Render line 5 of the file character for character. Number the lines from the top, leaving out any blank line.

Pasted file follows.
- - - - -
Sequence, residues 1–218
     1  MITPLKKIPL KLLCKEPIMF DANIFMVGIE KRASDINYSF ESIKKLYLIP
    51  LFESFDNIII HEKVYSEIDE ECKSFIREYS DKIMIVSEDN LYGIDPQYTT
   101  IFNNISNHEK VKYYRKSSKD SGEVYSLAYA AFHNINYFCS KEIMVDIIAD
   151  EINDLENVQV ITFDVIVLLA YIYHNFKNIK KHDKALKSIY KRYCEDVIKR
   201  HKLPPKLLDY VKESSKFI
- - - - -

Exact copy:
   151  EINDLENVQV ITFDVIVLLA YIYHNFKNIK KHDKALKSIY KRYCEDVIKR